Interpreting the constitution (strict vs. loose);

Jefferson and HamiltWhen the Federalist party was organized in 1791, those people who favored a strong central government and a loose constitutional interpretation coagulated and followed the ideals of men such as Alexander Hamilton. The first opposition political party in the United States was the Republican party, which held power, nationally, between 1801 and 1825. Those who were in favor of states rights and a strict construction of the constitution fell under the leadership of Thomas Jefferson. These Jeffersonian republicans, also known as anti-federalists, believed in strict adherence to the writings of the constitution. They wanted state’s rights and individual rights, which they believed could only be granted under strict construction of the constitution. Thomas Jefferson, the third president, and James Madison, his successor, were close friends and lifelong political associates. Long regarded as advocates for liberty, Jefferson and Madison believed in the principles of government and sought to restore the spirit of the revolution of 1776. These republicans spoke out against anti-monarchial attitudes and opposed the aristocratic and elitist attitudes of the federalists (Peterson, 1975). A weaker central government by the people was the goal of the republican party. Thomas Jefferson and James Madison, were two presidents who believed in the theory of the republican party, but due to circumstances within the parties and the increasing conflicts between Britain and France abroad, they found it increasingly difficult to act in a manner which coincided with their republican beliefs and at times had to reconcile their actions.

Jefferson’s victory in the presidential election is notable because this was the first transfer of national authority from political group to another that was accomplished by peaceful and strictly constitutional means. He began his presidency with a plea for reconciliation and described his election as a recovery of the original intentions of the American Revolution (Ellis, 2000). In his true ideology, Jefferson said that a republic did not require a powerful central government to flourish. In fact, he felt that the health of the nation was inversely proportional to the power of the federal government. ******In Document A, Jefferson writes of the preservation of the constitution and the principles on which it was adopted. He wrote: “Our country is too large to have all its affairs directed by a single government” and that “The true theory of our constitution is the surely the wisest and best that the states are independent as to everything with themselves, and united as to everything respecting foreign nations.” Jefferson believed that a weaker central government would be more beneficial for domestic policy, but for foreign policy, the central government, might have to take a stronger hand.
From early times in his public career, Jefferson was the subject of attacks on religious grounds. Although he kept his opinions regarding religion very much to himself, and considered this a very private concern his insistence of the complete separation of church and state was well-known. In a now famous letter to Danbury Baptists, Thomas Jefferson wrote “Believing with you that religion is a matter which lies solely between man and his god…their legislature should make no law respecting an establishment of religion or prohibiting the free exercise thereof; thus building a wall of separation between church and state.” This letter affirmed Jefferson’s belief that church and state should be separated and includes the celebrated phrase, “a wall of eternal separation” (Maier, 2000). His views on religion are also expressed in Document B******, Jefferson states, “I consider the government of the United States as interdicted by the Constitution from intermeddling with religious institutions, their doctrines, discipline or exercises…Certainly no power to prescribe any religious exercise, or to assume authority in religious discipline, has been delegated to the general government. It must then rest with the states, as far as it can be in any human authority….”.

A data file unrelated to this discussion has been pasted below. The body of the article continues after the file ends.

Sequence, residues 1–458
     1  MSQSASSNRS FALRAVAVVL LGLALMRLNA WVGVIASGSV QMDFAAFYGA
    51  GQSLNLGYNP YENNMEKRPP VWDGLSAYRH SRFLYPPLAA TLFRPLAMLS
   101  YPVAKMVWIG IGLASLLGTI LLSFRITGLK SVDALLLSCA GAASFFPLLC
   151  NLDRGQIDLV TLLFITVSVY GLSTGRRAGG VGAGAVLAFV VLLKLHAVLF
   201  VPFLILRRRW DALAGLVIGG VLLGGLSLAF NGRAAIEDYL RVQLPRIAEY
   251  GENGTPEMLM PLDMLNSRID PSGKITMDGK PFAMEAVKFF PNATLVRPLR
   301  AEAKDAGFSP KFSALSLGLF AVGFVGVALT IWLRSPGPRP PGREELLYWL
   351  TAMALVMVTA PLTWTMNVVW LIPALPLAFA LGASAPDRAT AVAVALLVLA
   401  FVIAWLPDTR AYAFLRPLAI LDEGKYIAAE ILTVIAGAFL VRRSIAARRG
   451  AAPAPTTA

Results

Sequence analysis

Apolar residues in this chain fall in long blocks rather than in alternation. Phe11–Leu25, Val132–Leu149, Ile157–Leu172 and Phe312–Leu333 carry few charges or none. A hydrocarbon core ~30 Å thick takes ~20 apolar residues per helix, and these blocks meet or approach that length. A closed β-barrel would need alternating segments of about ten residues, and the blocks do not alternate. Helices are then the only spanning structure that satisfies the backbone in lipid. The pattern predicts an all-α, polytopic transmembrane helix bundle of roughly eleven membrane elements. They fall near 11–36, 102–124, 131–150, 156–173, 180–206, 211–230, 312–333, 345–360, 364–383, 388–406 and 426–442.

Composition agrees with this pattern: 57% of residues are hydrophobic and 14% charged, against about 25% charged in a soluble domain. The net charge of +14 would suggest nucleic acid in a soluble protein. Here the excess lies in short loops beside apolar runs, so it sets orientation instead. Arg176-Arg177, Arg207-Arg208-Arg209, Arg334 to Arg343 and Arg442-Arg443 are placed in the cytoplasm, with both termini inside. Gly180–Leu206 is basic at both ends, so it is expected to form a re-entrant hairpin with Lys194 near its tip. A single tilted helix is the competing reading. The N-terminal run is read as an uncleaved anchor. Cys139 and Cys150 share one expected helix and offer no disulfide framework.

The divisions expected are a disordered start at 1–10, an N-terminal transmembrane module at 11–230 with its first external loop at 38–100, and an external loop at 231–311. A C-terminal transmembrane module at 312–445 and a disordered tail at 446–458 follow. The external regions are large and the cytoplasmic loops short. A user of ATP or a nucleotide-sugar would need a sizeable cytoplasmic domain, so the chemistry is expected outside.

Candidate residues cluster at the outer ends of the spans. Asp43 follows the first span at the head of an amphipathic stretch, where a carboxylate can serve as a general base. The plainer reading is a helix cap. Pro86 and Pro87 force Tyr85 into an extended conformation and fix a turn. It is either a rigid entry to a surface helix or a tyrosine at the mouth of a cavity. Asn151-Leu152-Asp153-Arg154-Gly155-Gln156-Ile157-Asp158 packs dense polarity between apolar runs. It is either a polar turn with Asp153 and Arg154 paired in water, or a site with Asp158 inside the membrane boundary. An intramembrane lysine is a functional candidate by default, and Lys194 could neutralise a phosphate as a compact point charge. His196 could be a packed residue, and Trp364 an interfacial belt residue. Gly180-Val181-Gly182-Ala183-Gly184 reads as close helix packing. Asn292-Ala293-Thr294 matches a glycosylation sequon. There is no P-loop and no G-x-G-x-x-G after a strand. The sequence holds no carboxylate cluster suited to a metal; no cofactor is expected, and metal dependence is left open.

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The acquisition of the Louisiana territory in 1803 was the most notable achievement of his presidency, yet there inconsistency between his actions and his beliefs. Because the acquisition of this territory would change the union, it seemed to him that it should be authorized by a constitutional amendment. The process of amendment was very slow and Jefferson realized that there was no time for strict constructionalism. This purchase violated his constitutional morals and was regarded as a bold, executive action (Peterson, 1975).
The popularity that Thomas Jefferson held during his first term as president, quickly changed during his second term in office. Jefferson’s second term was less a triumph than an ordeal. His major disappointment had its origins in Europe and because of the Napoleonic Wars, the naval blockades in the Atlantic and Caribbean severely curtailed American trade and pressured the United States government to take sides. Jefferson’s response to all this was the passing of the Embargo Act in 1807, which virtually closed American Ports to all foreign imports and exports. The enforcement of the Embargo act required the use of exactly those coercive powers by the federal government that Jefferson has been opposing all along (a strong central government). In the enforcement of this embargo, the government was infringing on the liberties of individuals which was inconsistent with Jefferson’s principles (Ellis, 1996). Document C**** is a political cartoon, used as propaganda for the Federalist Party. An American is portrayed trying to smuggle American exports into British ships. The American Snapping-turtle, or OGRABME (embargo spelled backwards) caught the smuggler and the smuggler is screaming, “Oh this cursed Ograbme embargo!”. Alexander Anderson is clearly expressing the Federalists’ distaste towards Jefferson and his decision to enact the Embargo Act of 1807. The feeling that Jefferson had violated his principles was felt throughout his country. This law led to Jefferson’s public embarrassment and humiliation. The Federalists seized the opportunity to ridicule the president and proclaimed the embargo unconstitutional.